By Martin Kelly
First Minister Alex Salmond has re-affirmed his party’s plan to keep the pound in the event of Scottish independence arguing that it is in the best interests of both Scotland and the rest of the UK.
Interviewed by Chanel 4’s John Snow, Mr Salmond repeated the argument made by his Finance Secretary John Swinney that the £40bn contribution made to the rest of the UK balance of payments was a compelling reason for a currency union to be agreed.
The SNP leader also hit back at criticisms of the policy by leader of the Better Together campaign Alistair Darling, by saying that the former Labour Chancellor lacked credibility after presiding over the collapse of the UK’s banking industry.
The interview followed comments from several prominent pro-independence figures who have questioned whether an independent Scotland would be better off by adopting its own currency.
However Mr Salmond has insisted that keeping the pound post-independence remains his party’s favoured option.
Asked if he accepted that entering into a currency union will constrain Scotland's economic freedom, Mr. Salmond replied:
"Well, can I just point out that Sterling is Scotland's currency as well at the present moment, it's not the property of George Osborne. You'd have to have a sustainability arrangement – the sort of thing we spelled out in the fiscal commission report – where Joseph Stiglitz and another Nobel laureate Jim Mirrlees set that out.
"You'd have to have a sustainability arrangement, but that's what you would need. You wouldn't have to have oversight of Scotland's budget, or for that matter Scotland having oversight of England's budget. You'd just need sustainability in terms of borrowing, in terms of overall debt levels.
"But, let me say, last year Scotland was over £4 billion relatively better off than the UK, so we've got a lot of freedom of manoeuvre on the income and expenditure side of our accounts."
He also pointed out that the Bank of England would in fact make a profit if an agreement was reached on a currency union and said: "When the central bank is the lender of last resort, it makes a profit out of being lender of last resort. That's just a fact."
The First Minister also responded to claims that Scotland was solely responsible for the collapse of HBOS and RBS by pointing out that the vast bulk of transactions happened, not in Scotland but south of the border and that the dominant partner in HBOS was in fact the English based Halifax.
Mr Salmond also reminded the interviewer that the money used to save the banks was in fact an investment that would produce a return at some point in the future and added:
"Financial intervention and equity share, that's owned currently, that is an asset, and at some point it will be sold and will be an asset. We're putting forward a prospectus that the Royal bank of Scotland and HBoS – Lloyds as it is now – are not only Scottish banks in terms of domestic assets.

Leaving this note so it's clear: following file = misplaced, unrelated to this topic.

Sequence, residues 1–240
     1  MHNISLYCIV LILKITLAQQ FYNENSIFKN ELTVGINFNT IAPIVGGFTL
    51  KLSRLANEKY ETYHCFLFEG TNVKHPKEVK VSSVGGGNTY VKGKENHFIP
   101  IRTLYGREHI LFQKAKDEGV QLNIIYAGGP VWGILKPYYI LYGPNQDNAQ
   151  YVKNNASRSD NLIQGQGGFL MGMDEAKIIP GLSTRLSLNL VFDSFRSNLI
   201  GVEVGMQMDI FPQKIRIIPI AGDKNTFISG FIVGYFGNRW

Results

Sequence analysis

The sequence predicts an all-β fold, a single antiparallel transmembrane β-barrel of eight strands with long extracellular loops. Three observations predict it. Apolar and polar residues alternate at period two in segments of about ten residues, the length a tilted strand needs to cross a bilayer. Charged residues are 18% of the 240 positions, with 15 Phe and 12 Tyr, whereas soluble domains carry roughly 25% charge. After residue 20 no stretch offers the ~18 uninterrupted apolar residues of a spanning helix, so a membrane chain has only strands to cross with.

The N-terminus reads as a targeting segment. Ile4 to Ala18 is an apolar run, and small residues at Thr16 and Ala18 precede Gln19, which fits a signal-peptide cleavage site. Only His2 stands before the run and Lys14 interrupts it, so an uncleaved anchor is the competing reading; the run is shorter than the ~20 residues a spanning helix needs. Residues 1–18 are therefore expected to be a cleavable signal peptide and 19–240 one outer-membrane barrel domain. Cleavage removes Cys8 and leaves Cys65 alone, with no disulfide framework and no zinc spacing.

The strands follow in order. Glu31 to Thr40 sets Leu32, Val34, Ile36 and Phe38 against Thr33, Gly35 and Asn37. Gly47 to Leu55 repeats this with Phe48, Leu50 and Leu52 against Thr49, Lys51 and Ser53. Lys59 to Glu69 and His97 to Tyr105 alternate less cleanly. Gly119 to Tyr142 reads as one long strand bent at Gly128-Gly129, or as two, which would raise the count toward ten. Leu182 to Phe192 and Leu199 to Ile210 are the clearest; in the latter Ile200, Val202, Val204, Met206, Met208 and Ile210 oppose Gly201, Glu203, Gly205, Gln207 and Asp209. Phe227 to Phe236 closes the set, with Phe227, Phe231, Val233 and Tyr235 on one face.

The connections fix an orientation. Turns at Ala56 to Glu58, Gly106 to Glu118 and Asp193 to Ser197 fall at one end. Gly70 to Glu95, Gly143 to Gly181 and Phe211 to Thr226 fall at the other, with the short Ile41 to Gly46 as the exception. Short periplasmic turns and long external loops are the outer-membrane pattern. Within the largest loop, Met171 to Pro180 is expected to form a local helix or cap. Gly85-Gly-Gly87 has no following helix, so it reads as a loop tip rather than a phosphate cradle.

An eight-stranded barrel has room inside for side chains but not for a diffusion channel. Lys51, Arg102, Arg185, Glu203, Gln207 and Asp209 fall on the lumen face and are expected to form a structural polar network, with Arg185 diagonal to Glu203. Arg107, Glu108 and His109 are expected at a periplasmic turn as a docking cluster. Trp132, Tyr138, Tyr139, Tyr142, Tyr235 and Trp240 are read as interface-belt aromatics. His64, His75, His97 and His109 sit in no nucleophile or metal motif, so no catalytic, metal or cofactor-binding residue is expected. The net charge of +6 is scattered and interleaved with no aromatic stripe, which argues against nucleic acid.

"The overwhelming majority, not just of the assets but of the bad debt occurred, not in Scotland, but here (London) or in international markets, supervised by the FSA and Alistair Darling."
Questioned on how much financial independence an independent Scotland would enjoy, the First Minister said:
"The monetary policy would be run by the bank of England. The taxation and spending would be run by in Scotland by the Scottish finance minister.
"If we take last year as an example, we had that £4 billion flexibility, which – believe me – is a large amount of money in terms of Scotland. It's like, you know, almost £40 billion in UK terms. We could have done a great deal to revive the economy.
"I believe the essence of economic independence is to control your taxation, control your spending. That's what allows you to revive your economy and develop a fairer, more prosperous society."
However the SNP leader reserved his most scathing criticism for the leader of the anti-independence Better Together alliance, Labour MP Alistair Darling who the First Minister insisted shouldered most of the responsibility for the collapse of the British Banks.
Pressed by the interviewer who claimed Mr Salmond had shown poor judgement when sending a good luck letter to former banker Fred Goodwin, the First Minister claimed a letter paled when placed alongside the role played by Mr Darling in the collapse of Britain’s banking sector.
Unionists have claimed a currency union between Scotland and the rest of the UK would be difficult to achieve. However, most independent analysts have said that such an agreement would be in the best interests of both parties immediately after independence.
In an interview on the BBC in January, Mr Darling himself admitted that such an arrangement post-independence would be "logical" and "desirable".
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